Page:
This idea grew out of the planning for Northstar’s 2011 Tellabration! event in November. (If you’re making Thanksgiving travel plans, be sure to get back to the cities by Friday night for the evening concert.) I am organizing the open mics. A regular podcast could fit in quite nicely with the Tellabration! open mics. Maybe the open mic performances themselves could be podcast?

What do you think?

As either a Northstar member or any other storyteller and performer, or as a potential audience member, do you see value in having a, say, monthly storytelling podcast? If so:

  • Do you prefer audio or video?
  • How or when would you listen? (While exercising? At work? Instead of broadcast TV?)
  • What devices do you use? iPod? PC? MP3 player? Android?
  • How long should episodes run? One story under 10 minutes per episode? Or an hour-long monthly format?

Keep in mind that this is simply an early discussion item that I brought up at yesterday’s planning meeting. It might or might not happen, and if it comes out it will be far better than anything I can envision today, because your comments will mold it into something better than any of us could do on our own.

Twin Cities Storytelling: Redneck Vampire Nun Stories? Oh, My! July 7

Anodyne Coffee HouseHey, y’all need to go to this! The first Thursday in July, at Anodyne Coffee House in the Kingfield neighborhood of Minneapolis. Come listen to my story, “How Candy Cornbread Survived the Rapture,” and help me decide whether to include this story in my upcoming Minnesota Fringe Festival show, “The Magnificent Story of St. Marlene’s Marvelous Moonshine (Made by Monks).”

Email me at christy@christymariekent.com for more information, or look at my upcoming performance schedule.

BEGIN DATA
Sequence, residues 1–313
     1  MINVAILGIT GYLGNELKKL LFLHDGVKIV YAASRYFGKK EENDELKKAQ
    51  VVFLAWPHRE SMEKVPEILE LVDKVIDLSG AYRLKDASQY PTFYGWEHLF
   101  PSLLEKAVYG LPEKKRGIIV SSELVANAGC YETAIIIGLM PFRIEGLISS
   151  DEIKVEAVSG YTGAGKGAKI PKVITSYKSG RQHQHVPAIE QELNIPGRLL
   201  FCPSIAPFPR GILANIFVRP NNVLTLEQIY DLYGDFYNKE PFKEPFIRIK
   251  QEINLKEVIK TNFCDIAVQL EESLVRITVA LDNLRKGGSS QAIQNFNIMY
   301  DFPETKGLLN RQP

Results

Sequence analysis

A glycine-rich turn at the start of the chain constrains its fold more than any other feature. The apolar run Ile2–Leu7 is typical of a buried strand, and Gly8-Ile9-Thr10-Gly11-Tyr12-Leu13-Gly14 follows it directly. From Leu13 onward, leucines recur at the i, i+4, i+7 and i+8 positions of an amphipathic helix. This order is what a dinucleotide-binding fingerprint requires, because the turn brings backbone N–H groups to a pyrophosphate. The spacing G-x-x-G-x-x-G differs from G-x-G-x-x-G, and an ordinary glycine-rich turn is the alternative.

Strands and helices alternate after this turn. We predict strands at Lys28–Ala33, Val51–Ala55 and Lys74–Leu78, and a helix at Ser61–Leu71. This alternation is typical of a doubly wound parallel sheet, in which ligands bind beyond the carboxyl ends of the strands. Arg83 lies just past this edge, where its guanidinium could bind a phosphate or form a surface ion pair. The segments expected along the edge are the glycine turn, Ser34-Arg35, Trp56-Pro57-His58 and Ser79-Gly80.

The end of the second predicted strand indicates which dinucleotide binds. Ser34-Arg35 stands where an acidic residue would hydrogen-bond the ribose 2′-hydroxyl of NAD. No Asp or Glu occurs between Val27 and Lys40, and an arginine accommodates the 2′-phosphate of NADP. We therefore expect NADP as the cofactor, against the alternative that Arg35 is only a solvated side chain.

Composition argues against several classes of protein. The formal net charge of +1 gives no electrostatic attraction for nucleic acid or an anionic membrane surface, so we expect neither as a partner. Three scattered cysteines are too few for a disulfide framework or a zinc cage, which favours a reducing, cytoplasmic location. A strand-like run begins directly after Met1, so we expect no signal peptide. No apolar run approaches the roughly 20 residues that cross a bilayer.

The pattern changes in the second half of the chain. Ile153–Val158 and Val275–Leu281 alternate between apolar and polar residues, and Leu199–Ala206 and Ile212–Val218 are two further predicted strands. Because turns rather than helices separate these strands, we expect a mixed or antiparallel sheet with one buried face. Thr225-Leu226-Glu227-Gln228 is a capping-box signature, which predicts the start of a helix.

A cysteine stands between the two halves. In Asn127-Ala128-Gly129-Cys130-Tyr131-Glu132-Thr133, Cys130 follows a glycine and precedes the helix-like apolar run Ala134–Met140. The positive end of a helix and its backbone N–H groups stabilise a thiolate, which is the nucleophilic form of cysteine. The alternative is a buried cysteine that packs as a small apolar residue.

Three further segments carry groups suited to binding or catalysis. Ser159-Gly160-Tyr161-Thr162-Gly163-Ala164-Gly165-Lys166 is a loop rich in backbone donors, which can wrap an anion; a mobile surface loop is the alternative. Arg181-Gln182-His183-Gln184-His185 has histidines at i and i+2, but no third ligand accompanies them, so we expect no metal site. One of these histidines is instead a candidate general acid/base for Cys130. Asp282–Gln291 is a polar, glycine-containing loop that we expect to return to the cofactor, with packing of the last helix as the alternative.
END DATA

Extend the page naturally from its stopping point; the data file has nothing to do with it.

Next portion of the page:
Twin Cities Storytelling: “When Life Hands You Lemons …,” June 7, SlamMN!

Hey, y’all need to go to this! The first Tuesday in June, at Kieran’s Irish Pub in downtown Minneapolis, is the next installment in the SlamMN! story slam series. Come listen to my story, “How Candy Cornbread Survived the Rapture,” and help me decide whether to include this story in my upcoming Minnesota Fringe Festival show, “The Magnificent Story of St. Marlene’s Marvelous Moonshine (Made by Monks).”

Email me at christy@christymariekent.com for more information, or look at my upcoming performance schedule.

He Had a Good Wife (#3 of 100 Interesting People)

“Jack” had just finished reciting some of his lyrical poetry. I was pleasantly surprised to hear poetry from someone who was obviously a construction worker or manufacturing employee because of his physical size, his large hands, his pitted, weathered face, and his rough clothes. I knew it shouldn’t have surprised me that a manual laborer writes poetry. When will I learn not to judge people based on their appearances?

After my performance, Jack asked me, “Can I tell you a story of my own?”

“I would love to hear it!” I said.